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FIVE, SIX, SEVEN, EIGHT
Legal Lamentation
A heartfelt plea for a return to logic and order in America.

by Rita Ayers
October 3, 2007

Many of us go through life with a dream of making a difference; of leaving a legacy behind us that bears our stamp. I find myself torn between retiring and sitting on a beach somewhere, listening to the waves lapping and waiting for a cabana boy to bring me the next frozen fiesta in a coconut, and latching on to something I feel passionate about and fighting to bring about change. I can't say they are both equally attractive.  I do wonder, however, which would bring me the most lasting pleasure.
 
The reason that the beach idea will probably win out is because I will not be able to choose just one area of American society to rework according to my own rules. I have a million ideas to "fix" public education; likewise, the insurance industry could benefit from my plan – or rather, the public would benefit from my plan (and the insurance industry likely would not). I have already written about my frustrations with each of these segments (see CPR is Needed for Public Education in America and Between a Rock and a Hard Place). I have a new rant this month, and it has to do with our system of injustice in America.
 
I am pretty sure that our forefathers really meant it when they said that the accused was entitled to a fair and speedy trial. I'm not so sure that either of these things is possible today. It is a well-known fact that the huge amount of lawsuits currently clogging all of our courts has made the term "speedy" a joke. A lawyer I know personally revealed that court cases are strung out for several reasons. Because lawyers have more than one client at the time, they have to be able to juggle all of them and the research required for each. But, most importantly, they have to string the clients along to provide them time to earn the money to pay the lawyer's fees. 
 
Only 5% of rapes in this country are ever even reported; one of the primary reasons is that most victims want to avoid a lengthy trial and move on with their lives as quickly as possible (see Victims Rights Law Center).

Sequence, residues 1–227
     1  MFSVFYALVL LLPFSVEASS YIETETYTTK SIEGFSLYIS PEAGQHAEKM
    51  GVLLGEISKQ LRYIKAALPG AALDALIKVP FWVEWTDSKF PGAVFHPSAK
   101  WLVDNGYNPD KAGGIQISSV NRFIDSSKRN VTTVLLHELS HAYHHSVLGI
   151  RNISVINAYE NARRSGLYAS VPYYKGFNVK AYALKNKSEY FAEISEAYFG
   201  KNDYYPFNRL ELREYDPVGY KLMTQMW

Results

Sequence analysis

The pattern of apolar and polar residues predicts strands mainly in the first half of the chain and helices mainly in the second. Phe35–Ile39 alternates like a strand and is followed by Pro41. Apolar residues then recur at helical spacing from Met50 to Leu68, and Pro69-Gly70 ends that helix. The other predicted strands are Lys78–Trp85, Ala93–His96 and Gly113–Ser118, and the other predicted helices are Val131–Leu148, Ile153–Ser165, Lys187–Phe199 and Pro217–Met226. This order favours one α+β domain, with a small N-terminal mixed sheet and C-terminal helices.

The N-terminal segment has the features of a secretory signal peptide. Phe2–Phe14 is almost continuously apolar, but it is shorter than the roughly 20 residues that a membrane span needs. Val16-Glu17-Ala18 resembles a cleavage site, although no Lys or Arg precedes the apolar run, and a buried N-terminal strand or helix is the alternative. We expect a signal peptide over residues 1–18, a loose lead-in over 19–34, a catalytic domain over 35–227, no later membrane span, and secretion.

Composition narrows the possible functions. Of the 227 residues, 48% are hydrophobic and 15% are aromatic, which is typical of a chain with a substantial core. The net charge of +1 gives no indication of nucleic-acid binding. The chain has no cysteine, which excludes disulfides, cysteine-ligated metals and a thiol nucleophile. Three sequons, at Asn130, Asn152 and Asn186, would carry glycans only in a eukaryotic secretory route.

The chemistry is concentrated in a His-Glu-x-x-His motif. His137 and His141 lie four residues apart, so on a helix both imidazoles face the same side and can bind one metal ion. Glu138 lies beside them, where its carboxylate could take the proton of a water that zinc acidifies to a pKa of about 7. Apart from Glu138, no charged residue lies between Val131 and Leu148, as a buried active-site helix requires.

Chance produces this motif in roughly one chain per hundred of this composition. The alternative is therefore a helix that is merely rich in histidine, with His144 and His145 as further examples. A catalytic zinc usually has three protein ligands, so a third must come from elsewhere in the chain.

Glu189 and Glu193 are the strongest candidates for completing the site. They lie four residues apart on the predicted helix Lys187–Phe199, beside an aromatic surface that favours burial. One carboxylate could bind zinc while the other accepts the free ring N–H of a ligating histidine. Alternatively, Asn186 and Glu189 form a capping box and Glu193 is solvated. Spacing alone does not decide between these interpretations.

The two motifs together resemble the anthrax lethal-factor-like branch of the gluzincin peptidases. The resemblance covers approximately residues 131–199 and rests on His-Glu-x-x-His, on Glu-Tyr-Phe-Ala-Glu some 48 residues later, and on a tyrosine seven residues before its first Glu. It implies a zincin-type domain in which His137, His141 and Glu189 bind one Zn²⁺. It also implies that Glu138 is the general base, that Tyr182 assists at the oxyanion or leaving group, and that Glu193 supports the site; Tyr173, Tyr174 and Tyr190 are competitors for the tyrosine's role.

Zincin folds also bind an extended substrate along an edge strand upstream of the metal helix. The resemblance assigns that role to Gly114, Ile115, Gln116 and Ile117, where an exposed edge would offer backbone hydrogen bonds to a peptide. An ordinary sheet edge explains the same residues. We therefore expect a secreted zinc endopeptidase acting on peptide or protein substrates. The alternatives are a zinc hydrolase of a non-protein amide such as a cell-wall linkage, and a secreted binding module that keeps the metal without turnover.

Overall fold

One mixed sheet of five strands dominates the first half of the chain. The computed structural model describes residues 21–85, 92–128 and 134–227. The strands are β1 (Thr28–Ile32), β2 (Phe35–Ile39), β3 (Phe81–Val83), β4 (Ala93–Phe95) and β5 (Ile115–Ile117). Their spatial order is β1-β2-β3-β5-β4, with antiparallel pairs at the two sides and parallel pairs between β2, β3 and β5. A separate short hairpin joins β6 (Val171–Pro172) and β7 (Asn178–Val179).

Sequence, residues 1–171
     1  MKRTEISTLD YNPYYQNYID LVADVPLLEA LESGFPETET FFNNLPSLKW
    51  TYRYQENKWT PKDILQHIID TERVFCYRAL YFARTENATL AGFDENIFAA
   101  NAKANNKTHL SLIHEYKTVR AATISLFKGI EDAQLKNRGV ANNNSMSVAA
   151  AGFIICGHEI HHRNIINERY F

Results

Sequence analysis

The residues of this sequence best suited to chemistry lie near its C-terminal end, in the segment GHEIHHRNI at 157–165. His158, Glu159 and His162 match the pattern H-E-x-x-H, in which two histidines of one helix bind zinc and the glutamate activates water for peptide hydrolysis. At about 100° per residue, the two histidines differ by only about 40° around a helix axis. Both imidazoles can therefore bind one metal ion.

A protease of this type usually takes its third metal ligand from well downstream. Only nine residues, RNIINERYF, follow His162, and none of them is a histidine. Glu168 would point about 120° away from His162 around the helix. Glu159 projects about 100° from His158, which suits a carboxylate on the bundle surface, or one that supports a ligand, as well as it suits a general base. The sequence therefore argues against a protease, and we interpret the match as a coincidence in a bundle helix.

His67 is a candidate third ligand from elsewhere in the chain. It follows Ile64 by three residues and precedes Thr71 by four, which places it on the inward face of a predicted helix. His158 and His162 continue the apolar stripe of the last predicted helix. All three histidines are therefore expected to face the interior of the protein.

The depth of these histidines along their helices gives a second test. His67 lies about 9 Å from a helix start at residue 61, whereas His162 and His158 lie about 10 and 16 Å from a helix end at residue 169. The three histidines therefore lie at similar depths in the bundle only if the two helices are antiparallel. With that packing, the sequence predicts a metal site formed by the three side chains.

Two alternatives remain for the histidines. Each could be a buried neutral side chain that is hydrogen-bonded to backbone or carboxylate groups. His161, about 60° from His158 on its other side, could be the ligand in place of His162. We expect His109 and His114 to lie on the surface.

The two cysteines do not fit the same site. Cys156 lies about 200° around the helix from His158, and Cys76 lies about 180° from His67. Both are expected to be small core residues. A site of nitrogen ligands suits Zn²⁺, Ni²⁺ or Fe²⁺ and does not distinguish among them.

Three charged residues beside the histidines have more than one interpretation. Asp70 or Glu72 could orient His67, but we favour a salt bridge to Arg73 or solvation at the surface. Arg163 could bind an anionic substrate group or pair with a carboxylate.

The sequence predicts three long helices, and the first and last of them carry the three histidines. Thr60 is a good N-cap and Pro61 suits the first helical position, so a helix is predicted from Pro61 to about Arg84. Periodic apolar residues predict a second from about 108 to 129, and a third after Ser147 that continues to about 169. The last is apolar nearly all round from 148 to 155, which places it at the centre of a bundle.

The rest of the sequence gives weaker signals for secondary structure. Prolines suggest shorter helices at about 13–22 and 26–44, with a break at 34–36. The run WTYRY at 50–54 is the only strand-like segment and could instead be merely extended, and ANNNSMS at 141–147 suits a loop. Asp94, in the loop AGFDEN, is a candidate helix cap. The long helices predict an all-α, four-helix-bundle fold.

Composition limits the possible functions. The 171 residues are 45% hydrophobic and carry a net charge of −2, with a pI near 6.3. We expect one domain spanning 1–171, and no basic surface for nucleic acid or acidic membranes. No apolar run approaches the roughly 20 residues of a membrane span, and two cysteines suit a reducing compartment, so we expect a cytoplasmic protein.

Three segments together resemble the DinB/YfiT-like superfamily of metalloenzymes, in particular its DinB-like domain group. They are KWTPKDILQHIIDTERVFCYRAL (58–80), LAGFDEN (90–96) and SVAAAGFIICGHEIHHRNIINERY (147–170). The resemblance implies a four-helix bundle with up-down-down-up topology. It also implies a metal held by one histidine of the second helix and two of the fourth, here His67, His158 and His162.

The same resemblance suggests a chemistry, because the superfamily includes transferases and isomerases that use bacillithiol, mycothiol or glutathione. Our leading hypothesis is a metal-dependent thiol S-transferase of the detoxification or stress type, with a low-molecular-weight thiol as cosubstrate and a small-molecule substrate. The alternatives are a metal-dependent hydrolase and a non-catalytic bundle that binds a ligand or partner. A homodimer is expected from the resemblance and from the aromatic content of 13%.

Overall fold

Another reason is that victims fear an invasion of their privacy. I recently watched an interview segment featuring Wendy Murphy, who has written a book called And Justice for Some. Murphy, a former prosecutor, details case after case where the criminal's rights take priority over the victim's. Defense attorneys can frequently subpoena the victim's private medical records – yet, just try to gain access to your own medical records sometime because you'd like to move them to another practice! Thus, we turn our attention to the "fair" part of the Constitutionally-guaranteed right to trial.
 
The actual text of the Sixth Amendment does not mention the word "fair." Rather, it guarantees the accused the right to a speedy and public trial by an impartial jury. I do not know if there can actually be such a thing as an impartial jury, as everyone comes to the table with their own morals, values, experiences, and notions. What I do know is that I have personally witnessed, on three occasions, the most articulate (and seemingly most intelligent) people excused from jury duty in favor of those the lawyers perceived were more easily manipulated. I also even saw this with my own eyes: